Publication Detail

Minimally Intrusive Strategies for Fault Detection and Energy Monitoring

Robert W Cox
2006
215 pp.

This thesis addresses the need for automated monitoring systems that rely on minimally intrusive sensor arrays. The monitoring techniques employed in this thesis require fewer
sensors because they take a different approach to the measurement problem. Specifically,
these techniques use the power distribution network in the target system as a power source,
a sensor array, and a communications channel. In this “multi-use” approach, the only measurement sources are a set of centrally located electrical transducers (i.e. voltage and current sensors) and a set of remotely located sensors that communicate with a central processing unit via power line modems. In general, these systems determine the status of critical loads or systems using only electrical data. Thus, remotely located sensors are only employed in order to gather information that would be difficult, if not impossible, to obtain electrically. Examples of such quantities include air exchange rates and occupancy levels in individual rooms.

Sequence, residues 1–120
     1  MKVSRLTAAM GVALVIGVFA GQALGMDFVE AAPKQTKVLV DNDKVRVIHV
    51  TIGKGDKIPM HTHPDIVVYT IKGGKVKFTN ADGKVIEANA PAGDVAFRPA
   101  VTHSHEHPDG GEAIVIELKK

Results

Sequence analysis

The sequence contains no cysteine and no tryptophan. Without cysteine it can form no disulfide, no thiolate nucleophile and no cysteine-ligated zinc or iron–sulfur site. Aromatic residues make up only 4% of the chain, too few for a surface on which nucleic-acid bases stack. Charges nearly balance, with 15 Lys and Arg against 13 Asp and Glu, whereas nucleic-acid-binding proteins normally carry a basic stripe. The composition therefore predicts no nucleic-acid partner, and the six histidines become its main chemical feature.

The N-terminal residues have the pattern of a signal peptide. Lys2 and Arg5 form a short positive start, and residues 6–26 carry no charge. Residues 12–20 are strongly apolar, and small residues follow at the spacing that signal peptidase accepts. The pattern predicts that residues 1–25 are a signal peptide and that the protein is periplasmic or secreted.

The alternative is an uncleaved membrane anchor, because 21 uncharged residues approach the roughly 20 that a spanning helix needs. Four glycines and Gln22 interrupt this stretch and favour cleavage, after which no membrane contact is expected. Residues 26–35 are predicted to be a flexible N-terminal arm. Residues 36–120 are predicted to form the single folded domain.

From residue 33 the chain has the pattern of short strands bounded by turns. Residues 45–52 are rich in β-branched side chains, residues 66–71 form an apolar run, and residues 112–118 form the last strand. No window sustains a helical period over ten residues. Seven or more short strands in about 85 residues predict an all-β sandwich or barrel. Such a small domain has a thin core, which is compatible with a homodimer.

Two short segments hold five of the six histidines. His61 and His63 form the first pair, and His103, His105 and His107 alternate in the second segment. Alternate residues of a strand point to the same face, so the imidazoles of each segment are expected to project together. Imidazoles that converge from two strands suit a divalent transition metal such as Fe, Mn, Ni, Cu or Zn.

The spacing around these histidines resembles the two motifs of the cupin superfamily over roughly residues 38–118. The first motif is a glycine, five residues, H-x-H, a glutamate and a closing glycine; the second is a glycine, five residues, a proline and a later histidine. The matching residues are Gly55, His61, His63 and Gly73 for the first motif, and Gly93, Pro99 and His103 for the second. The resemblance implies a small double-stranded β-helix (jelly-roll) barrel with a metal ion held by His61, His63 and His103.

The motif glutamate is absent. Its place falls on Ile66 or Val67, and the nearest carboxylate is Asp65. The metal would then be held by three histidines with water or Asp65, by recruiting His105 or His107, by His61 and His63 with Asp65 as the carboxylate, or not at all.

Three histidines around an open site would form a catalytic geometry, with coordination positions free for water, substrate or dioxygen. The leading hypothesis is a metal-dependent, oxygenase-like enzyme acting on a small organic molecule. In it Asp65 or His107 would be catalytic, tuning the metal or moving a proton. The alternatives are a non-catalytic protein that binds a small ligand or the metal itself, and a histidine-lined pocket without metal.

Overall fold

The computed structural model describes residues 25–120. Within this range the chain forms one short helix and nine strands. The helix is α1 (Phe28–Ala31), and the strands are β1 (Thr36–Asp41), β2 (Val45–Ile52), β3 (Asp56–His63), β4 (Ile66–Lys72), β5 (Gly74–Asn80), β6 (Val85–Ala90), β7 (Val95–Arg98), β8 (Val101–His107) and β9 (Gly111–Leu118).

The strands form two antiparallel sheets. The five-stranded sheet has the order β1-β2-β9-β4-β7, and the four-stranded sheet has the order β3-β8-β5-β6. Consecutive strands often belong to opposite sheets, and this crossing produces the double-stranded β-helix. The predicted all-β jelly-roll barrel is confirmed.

This thesis describes the development and application of several critical features of the
minimally intrusive monitoring systems described above. First, it presents several modelbased
methods that make it possible to use electrical data to detect faults in certain mechanical
systems. In particular, two such models are described. The first of these is intended to
be applied in systems in which an electromechanical actuator cycles its operation according to the value of some other variable, such as a pressure or a temperature. Examples include compressed air and vacuum systems. The other model is used to diagnose the impending
failure of the mechanical coupling through which a motor drives an inertial load such as a pump impeller. This thesis also describes the development of a minimally intrusive airflow
monitoring system that uses ozone as a tracer gas. This system fits easily into the “multiuse”
framework because it relies on a network of distributed ozone generators and detectors
whose operation is coordinated via power line communications. Finally, this thesis also
presents and demonstrates a method for detecting the operation of various electrical loads
using transient changes in the measured line voltage. This technique makes it possible to
use “plug-in” sensors to determine the operating schedule of each of the various loads in a
home or commercial facility. All of the techniques and methods described here are demonstrated
experimentally.

type: Full theses / dissertations

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